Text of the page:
Importing data from SAP

In this entry I would like to share the steps that I do when configuring SSIS to fetch data from SAP.

First step: Which data to fetch?

That should be the very first question of all. Which data should I get from SAP? What are the table and column names? Which filter to apply? Etc. I will not cover here the process of business requirement gathering here as this will be a completely different post. Let’s assume that the requirements are clear, that we know what report to generate and the good reasons behind and we will focus instead in the technical part of the process.

Usually table names come from my SAP expert workmates. They are the ones developing ABAP code, configuring and extending SAP and doing the full maintenance. When presented with the business requirements they will come back to me with the tables to query and a, sometimes incomplete, column names list. It is the responsibility of the BI developer/analyst to decide which columns and filters to apply to meet the business requirements. Let’s use a real example to better understand the process:

Recently I had the request to create a simple report that shows “Parked Documents”. SAP aware readers will understand what a parked document is, for the rest let’s assume that it is a special kind of document. Let’s assume that the report is just as simple as to get the information out of SAP and be accessible from an Excel spreadsheet/pivot table.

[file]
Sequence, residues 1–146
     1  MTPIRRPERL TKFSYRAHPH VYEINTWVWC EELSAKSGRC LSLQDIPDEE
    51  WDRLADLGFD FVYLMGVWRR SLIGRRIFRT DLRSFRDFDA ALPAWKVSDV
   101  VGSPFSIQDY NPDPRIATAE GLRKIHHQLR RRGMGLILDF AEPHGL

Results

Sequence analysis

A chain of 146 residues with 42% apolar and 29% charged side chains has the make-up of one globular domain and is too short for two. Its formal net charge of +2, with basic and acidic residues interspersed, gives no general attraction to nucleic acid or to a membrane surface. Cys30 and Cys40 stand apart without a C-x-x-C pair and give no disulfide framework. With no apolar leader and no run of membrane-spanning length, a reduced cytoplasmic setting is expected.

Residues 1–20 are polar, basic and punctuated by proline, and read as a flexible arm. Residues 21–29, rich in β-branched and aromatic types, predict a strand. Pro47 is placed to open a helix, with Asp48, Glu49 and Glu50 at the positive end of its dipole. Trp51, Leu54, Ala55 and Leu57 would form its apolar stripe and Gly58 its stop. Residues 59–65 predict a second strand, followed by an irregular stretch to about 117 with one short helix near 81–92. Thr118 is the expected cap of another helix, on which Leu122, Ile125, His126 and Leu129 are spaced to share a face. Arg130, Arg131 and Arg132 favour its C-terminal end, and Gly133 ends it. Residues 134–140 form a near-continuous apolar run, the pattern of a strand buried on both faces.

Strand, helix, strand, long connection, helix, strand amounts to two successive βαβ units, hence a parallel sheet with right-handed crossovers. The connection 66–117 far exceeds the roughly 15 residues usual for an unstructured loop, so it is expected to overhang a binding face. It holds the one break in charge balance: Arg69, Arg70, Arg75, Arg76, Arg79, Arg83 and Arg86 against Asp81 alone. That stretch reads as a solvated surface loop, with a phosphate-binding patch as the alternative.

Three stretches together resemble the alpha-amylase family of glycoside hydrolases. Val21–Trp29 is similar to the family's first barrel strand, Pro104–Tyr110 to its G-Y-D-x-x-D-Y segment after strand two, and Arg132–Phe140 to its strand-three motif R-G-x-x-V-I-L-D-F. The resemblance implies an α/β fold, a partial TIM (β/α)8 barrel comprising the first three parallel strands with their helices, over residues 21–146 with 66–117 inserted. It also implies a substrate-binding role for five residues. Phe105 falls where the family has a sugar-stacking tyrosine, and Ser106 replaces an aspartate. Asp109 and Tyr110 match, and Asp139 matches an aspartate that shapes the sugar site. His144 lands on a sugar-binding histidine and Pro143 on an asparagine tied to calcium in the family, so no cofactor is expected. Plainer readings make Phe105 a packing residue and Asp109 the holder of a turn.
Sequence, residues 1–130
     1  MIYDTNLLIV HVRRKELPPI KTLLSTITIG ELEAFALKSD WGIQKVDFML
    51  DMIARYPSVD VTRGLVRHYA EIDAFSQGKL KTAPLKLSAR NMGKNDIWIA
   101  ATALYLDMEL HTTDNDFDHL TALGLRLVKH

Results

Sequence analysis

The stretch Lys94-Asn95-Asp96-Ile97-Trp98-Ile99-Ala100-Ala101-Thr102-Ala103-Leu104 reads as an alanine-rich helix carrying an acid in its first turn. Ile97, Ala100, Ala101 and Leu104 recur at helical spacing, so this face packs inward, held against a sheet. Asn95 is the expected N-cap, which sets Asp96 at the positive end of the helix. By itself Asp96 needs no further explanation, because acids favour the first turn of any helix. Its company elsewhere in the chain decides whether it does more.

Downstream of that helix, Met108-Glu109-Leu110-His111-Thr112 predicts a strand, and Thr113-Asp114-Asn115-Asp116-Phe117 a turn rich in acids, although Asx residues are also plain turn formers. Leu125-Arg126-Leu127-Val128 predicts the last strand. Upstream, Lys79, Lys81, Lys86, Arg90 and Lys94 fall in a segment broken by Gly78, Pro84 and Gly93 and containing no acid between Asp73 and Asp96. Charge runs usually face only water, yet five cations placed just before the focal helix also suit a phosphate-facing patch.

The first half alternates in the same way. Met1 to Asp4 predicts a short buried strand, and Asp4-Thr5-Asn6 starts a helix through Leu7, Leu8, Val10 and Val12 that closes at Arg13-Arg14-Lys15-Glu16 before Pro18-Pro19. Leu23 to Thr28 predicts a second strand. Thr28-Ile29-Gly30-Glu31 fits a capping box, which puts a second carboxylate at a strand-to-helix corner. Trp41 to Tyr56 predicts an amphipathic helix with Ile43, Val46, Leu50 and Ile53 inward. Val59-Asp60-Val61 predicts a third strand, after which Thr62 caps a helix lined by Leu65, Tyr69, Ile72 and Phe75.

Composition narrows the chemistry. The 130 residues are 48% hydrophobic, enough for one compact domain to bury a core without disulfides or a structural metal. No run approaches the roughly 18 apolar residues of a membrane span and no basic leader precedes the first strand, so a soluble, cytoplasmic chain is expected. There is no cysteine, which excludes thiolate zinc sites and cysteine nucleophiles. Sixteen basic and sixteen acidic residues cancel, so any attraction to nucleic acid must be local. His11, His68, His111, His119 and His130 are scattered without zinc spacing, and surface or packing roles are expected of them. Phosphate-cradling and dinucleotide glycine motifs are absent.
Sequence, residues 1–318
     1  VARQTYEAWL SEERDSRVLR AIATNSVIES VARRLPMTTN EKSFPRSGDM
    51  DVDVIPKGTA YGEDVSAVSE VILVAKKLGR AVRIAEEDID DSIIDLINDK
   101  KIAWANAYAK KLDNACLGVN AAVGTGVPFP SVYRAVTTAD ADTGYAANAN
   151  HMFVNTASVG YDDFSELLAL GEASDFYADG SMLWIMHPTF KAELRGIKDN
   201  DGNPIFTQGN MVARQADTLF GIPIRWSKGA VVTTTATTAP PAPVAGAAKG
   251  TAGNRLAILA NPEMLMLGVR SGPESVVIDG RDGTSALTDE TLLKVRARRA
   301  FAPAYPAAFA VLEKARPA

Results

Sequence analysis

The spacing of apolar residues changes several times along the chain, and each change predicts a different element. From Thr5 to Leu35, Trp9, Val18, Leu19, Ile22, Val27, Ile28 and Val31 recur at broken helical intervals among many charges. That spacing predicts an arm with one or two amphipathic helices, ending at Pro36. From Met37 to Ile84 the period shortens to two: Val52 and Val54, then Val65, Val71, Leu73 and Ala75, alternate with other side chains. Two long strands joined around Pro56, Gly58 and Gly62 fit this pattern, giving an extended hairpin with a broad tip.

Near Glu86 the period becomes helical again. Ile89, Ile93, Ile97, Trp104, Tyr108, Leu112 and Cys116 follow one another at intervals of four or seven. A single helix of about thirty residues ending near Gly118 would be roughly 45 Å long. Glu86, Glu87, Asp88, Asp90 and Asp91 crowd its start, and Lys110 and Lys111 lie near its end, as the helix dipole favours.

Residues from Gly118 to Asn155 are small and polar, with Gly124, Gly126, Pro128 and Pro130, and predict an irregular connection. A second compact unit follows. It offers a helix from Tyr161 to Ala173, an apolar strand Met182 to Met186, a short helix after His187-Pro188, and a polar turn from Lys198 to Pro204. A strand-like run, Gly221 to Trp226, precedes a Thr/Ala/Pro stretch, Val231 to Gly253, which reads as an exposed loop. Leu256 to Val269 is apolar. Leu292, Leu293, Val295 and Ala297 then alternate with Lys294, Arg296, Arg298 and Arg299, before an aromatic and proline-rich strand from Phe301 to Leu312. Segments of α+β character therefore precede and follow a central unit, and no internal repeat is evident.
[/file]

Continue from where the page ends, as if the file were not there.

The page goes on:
The Parked Documents information in SAP resides in a table called VBKPF, which contains 78 columns. As normally in SAP we don’t need all the columns but just a few of them. To know what each column is enter in SAP, in my case I use the SAP Logon application and enter the command se16 to access the data browser:

Press Enter and you will enter the VBKPF table selection screen:

To view which columns this table has and what are they meaning go to Settings -> Fields for selection. The following new window will appear:

As you can see each table column has the description next to it. By time you will get used to the names and long list of columns available and would be easier for you to navigate through them.

In this window you could already decide the majority of columns to query, but there is something else that you can do. You can query the table directly from SAP and investigate the columns that have been configured by default to be used in that report. For that close this last window and go back to the previous screen, the VBKPF table selection screen and click the first icon below the “Data Browser: Table VBKPF: Selection Screen” banner, the one with a clock and a green check mark. This icon executes the default report for the VBKPF table and returns the first 500 rows:

If you would like to know the column name of any of the columns returned by this report just right click on the column header and select the option Choose from the pop-up menu. For example if we would like to know the column name of the ‘Document Type’ report column it will be BLART:

By now we should know which fields we should get from SAP. Next steps will be to import those fields to SQL Server.

Second step: Import data into SQL Server